Equatorial Loop Myopexy in "Sagging Eye" Syndrome: A Case Report
|Michela Fresina, Laura Sapigni, Cecilia Benedetti*, Giuseppe Giannaccare and Emilio C. Campos|
|Ophthalmology Service, DIMES, University of Bologna, Italy|
|Corresponding Author :||Cecilia Benedetti
Ophthalmology Service, DIMES
University of Bologna, Italy
E-mail: [email protected]
|Received: January 29, 2014; Accepted: May 08, 2014; Published: May 15, 2014|
|Citation: Fresina M, Sapigni L, Benedetti C, Giannaccare G, Campos EC (2014) Equatorial Loop Myopexy in "Sagging Eye" Syndrome: A Case Report. J Clin Exp Ophthalmol 5:337. doi:10.4172/2155-9570.1000337|
|Copyright: © 2014 Fresina M, et al. This is an open-access article distributed under the terms of the Creative Commons Attribution License, which permits unrestricted use, distribution, and reproduction in any medium, provided the original author and source are credited.|
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Objective: The origin of acute comitant esotropia, associated with sudden diplopia at distance fixation and binocular single vision for near is unclear. The recent hypothesis that considers divergence paralysis esotropia (DPE) as a mechanical (and not neurological) disease, also called "sagging eye syndrome" (SES) allows a modification of the surgical approach.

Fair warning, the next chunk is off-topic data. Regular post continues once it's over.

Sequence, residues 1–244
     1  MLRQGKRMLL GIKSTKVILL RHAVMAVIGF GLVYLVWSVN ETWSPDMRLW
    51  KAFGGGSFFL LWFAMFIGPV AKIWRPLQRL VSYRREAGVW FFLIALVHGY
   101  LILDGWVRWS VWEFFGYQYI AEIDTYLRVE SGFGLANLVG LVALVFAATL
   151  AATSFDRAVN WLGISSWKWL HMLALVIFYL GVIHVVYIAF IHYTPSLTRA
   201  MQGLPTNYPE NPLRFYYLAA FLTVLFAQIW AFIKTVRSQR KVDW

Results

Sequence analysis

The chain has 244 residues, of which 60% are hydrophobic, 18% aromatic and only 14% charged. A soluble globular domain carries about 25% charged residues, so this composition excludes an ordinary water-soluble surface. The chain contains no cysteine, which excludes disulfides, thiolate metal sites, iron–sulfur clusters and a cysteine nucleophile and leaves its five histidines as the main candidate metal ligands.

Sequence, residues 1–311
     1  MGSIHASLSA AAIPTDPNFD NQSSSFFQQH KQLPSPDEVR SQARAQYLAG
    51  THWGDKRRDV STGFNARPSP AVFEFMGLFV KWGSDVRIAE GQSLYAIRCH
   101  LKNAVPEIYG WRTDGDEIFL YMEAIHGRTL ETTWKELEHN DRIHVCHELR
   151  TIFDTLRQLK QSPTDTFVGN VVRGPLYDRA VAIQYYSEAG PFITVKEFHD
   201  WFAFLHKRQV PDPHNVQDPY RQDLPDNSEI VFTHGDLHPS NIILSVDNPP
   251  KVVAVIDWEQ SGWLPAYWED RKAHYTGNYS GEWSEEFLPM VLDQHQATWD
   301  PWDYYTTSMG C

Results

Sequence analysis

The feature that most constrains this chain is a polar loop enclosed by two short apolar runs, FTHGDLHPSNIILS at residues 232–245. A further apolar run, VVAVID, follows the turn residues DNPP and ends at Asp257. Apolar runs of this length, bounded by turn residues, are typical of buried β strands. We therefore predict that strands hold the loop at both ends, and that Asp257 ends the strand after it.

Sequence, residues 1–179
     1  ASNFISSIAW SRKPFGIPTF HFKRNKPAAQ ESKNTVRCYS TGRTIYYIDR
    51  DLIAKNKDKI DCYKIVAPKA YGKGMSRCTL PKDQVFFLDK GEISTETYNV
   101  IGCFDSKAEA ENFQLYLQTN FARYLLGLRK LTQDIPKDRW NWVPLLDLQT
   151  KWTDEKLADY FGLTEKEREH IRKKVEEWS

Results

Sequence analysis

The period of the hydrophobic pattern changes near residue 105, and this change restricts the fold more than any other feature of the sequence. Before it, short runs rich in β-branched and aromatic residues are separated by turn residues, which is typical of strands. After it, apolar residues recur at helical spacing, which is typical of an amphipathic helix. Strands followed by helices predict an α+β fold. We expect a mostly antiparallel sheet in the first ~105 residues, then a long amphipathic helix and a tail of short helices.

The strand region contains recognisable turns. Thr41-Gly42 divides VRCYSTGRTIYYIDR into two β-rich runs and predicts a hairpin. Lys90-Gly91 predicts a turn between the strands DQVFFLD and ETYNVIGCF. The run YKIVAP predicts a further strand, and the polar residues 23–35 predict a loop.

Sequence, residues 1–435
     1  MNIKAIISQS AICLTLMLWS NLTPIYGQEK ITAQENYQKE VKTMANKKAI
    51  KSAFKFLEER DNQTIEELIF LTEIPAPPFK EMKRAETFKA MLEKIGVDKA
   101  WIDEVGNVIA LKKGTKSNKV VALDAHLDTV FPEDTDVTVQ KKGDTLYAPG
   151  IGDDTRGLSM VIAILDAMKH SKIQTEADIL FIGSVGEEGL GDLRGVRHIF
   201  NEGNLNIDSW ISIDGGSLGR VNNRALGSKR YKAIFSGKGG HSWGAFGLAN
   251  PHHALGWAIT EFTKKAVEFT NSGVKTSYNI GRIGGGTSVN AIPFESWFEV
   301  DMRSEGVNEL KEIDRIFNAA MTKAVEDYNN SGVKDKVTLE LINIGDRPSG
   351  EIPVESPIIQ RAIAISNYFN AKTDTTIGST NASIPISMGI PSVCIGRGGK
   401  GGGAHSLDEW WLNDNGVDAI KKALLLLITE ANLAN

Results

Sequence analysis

Methods: We report a SES case treated with a bilateral lateral rectus muscles sclera fixation at a 10 mm distance from the original insertion.
Results: The day after surgery, and for up to a 6 month follow-up period, the patient remained orthotropic at distance fixation, while fusion was preserved at near fixation.
Conclusion: Equatorial loop myopexy in bilateral sagging eye syndrome is a rapid and safe surgical approach with satisfactory clinical results.